Graham Reid | | 2 min read
One of the most stealthy pop rehabilitations in the past decade has been that of Prince. Ten years ago he was in creative limbo after a series of poor selling albums presented under that incomprehensible squiggle.
Now however he’s appearing at the right parties and his tours are sell-outs. That’s despite his recent albums not doing anything like the business of his most creative period when he sprung the album and tie-in movie Purple Rain, reissued as a 20th anniversary double-disc DVD edition in 2004 (with a bonus disc of featurettes, videos and so on).
Surprisingly, given Purple Rain is as much of the 80s as Desperately Seeking Susan, it stood up . . . Well, if not well. Then well enough. This was the period when women wore lingerie on the outside, men had stilettos, and everyone sported eye-liner and big hair.
Prince was how we wanted our rock stars to be then: sexy, stylish, and making exciting music. He might have dressed like a pimp at the court of Louis XIV but at least he made an effort to look like a star, and the movie had great songs like When Doves Cry, Let’s Go Crazy and the title track.
Of course it’s hard to be engaged by the film’s plotlines: Prince’s tormented relationship with his screw-up father might have been more affecting if Prince had been 16 and not 26; there’s sketchy dissent in the band; and a cliché conflict with Morris Day as the hammy bad guy. No one can act of course, but it captured Prince at the top of his musical game with Wendy and Lisa, Bobby Z and so on. And some sultry and sleazy scenes with Apollonia.
After that Prince’s movie career went haywire with Under The Cherry Moon (1986) and Graffiti Bridge (90), both out on mid-price DVD with videos added.
Cherry Moon, filmed in gorgeous black’n’white, could be a camp classic if it weren’t for its tedious story and astonishingly bad acting. The opening sequence (below) is worth seeing however. As the oily, piano-playing gigolo Prince is all fluttering eyelashes, pouts and effeminate come-ons. Quite why any woman would be attracted to him is a mystery, he’d always be competing for time at the mirror.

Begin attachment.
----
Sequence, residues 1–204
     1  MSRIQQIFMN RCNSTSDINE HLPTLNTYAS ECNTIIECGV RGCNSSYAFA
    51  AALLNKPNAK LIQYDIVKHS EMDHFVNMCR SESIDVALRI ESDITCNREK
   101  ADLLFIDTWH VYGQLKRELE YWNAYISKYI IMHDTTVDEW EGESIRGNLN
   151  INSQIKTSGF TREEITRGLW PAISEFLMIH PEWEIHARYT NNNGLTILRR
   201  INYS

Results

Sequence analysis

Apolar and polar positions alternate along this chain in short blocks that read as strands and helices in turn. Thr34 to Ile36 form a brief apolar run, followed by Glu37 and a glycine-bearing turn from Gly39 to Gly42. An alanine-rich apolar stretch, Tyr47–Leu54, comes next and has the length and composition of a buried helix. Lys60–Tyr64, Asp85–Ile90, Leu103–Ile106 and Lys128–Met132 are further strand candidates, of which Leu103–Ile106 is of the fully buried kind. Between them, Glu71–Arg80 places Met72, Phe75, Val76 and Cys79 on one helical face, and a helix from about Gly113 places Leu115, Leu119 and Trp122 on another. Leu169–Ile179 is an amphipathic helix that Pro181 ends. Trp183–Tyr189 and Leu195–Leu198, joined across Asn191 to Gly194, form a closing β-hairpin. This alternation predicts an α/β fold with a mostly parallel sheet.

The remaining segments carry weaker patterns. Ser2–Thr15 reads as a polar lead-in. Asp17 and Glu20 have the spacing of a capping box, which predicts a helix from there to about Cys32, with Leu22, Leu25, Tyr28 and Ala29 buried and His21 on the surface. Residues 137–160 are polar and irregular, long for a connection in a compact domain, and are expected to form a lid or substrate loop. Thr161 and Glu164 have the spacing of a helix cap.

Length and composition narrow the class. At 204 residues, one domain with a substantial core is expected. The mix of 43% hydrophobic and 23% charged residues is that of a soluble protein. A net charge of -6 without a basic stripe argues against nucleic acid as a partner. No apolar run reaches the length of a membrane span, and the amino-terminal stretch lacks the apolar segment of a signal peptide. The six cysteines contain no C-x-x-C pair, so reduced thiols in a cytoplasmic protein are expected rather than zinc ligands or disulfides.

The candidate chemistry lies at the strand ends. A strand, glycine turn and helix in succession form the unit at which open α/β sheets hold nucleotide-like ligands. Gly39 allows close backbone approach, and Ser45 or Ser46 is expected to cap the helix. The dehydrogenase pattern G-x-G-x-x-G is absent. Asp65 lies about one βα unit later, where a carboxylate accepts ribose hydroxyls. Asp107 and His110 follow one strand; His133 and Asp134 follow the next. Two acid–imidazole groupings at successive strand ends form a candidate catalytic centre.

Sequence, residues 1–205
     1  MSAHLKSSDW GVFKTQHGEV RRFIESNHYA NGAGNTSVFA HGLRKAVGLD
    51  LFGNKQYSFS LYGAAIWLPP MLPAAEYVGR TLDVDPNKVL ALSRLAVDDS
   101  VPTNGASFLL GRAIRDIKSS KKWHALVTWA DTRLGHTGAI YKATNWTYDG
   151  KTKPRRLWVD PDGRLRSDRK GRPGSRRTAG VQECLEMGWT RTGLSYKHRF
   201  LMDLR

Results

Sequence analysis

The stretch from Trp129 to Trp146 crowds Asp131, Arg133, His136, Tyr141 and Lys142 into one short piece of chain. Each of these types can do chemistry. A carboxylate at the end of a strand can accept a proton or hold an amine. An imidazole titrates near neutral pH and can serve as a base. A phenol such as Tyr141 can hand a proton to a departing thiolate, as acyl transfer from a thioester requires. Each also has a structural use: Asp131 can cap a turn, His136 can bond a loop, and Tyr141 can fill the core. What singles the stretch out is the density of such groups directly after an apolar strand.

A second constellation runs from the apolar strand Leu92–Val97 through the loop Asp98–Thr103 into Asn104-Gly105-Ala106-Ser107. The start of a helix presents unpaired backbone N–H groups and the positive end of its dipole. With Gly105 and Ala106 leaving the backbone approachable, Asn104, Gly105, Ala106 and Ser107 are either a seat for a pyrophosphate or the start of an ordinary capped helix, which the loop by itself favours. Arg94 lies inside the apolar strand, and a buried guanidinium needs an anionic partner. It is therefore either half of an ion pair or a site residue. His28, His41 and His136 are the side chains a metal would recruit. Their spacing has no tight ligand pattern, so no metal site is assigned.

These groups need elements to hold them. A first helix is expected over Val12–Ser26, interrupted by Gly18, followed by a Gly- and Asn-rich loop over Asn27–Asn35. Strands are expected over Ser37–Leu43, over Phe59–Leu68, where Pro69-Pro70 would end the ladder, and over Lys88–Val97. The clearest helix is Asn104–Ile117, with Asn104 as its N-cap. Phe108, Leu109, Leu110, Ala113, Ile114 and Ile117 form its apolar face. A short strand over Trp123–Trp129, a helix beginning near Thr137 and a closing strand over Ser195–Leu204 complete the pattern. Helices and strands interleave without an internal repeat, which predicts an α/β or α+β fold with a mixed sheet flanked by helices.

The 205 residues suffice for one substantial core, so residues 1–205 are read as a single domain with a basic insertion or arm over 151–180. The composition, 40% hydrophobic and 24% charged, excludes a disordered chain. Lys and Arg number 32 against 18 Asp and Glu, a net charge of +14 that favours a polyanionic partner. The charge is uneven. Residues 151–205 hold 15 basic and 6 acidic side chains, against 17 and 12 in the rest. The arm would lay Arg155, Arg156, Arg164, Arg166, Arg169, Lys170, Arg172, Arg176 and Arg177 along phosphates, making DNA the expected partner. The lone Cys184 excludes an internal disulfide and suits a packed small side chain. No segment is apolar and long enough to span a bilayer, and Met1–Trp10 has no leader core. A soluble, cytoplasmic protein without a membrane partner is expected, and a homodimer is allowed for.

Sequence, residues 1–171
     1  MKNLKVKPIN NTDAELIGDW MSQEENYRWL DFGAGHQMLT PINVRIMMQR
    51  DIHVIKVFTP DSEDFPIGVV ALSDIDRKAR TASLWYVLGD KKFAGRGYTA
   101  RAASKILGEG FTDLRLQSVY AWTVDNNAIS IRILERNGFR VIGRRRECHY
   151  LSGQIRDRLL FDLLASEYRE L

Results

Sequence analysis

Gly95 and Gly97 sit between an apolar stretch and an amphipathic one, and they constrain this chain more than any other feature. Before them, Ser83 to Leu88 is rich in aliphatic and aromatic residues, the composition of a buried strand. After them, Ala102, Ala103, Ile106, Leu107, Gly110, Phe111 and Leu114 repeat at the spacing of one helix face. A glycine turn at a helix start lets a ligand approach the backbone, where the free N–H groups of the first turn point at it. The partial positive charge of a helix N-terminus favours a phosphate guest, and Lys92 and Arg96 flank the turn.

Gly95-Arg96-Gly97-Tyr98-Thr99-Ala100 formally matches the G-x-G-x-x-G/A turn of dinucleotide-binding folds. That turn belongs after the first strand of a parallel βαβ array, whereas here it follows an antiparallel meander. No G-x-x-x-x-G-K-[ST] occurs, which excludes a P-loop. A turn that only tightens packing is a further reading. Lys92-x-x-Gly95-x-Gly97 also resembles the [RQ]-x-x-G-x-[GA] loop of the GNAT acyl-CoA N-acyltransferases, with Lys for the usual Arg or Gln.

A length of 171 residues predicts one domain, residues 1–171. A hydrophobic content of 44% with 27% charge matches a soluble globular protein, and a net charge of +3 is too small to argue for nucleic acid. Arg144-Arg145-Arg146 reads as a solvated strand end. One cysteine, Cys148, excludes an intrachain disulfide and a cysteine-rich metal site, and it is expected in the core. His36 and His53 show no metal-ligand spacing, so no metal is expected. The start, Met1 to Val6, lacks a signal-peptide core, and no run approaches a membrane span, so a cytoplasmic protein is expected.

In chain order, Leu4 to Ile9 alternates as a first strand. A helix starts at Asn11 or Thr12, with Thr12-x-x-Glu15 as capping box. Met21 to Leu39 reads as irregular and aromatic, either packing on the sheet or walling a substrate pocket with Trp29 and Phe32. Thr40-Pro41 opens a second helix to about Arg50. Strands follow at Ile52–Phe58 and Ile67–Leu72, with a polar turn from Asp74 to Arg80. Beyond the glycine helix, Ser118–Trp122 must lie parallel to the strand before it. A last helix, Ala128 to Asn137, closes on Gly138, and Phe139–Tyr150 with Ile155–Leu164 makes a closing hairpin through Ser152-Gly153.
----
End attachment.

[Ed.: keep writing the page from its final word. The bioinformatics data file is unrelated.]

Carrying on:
From the flirty piano sequence to the pan across his tight backside which follows, this was overt homo-erotica with remarkably little memorable music other than Kiss. Oddly Kristin Scott Thomas appeared as the love interest (this was her first movie role, so we should be forgiving) and acclaimed actor/director Steven Berkoff as her father. Prince may not have been much of a writer/director (or actor) but he had real pulling power at the time.
Or maybe these two worthies weren’t doing anything that month.
Graffiti Bridge was pure cartoon melodrama -- as with Purple Rain, to which it is a loose sequel, he is fighting to have his music heard, again Morris Day is the bad guy -- but it also has quasi-spiritual overtones and is little more than a series of video clips. Madonna liked Prince’s screenplay so much she turned down flat her role as a mysterious angel. She always was a smart one.
Graffiti Bridge died at the box-office and these does can’t even boast much of a cult following. It’s awful and the quasi-messianic role Prince wrote for himself is very uncomfortable.
Under the Cherry Moon may be Prince's funniest and most outre-camp outing, but Purple Rain remains his defining movie. Like Eminem’s 8 Mile it is about musical battles in clubs against the backdrop of dysfunctional families. Both are self-mythologising films, yet they couldn’t be more different.
In Purple Rain the clubs are inviting places bathed in warm light and full of beautiful people partying. For Eminem in the tougher 90s there was no glitzy escape into music, it was grim warfare. Life for him went from the trailer park to the factory floor.
Purple Rain stands as an interesting mirror-opposite to 8 Mile, it held out the promise of a mirror-ball world where the party would never end.
It was the 80s, after all.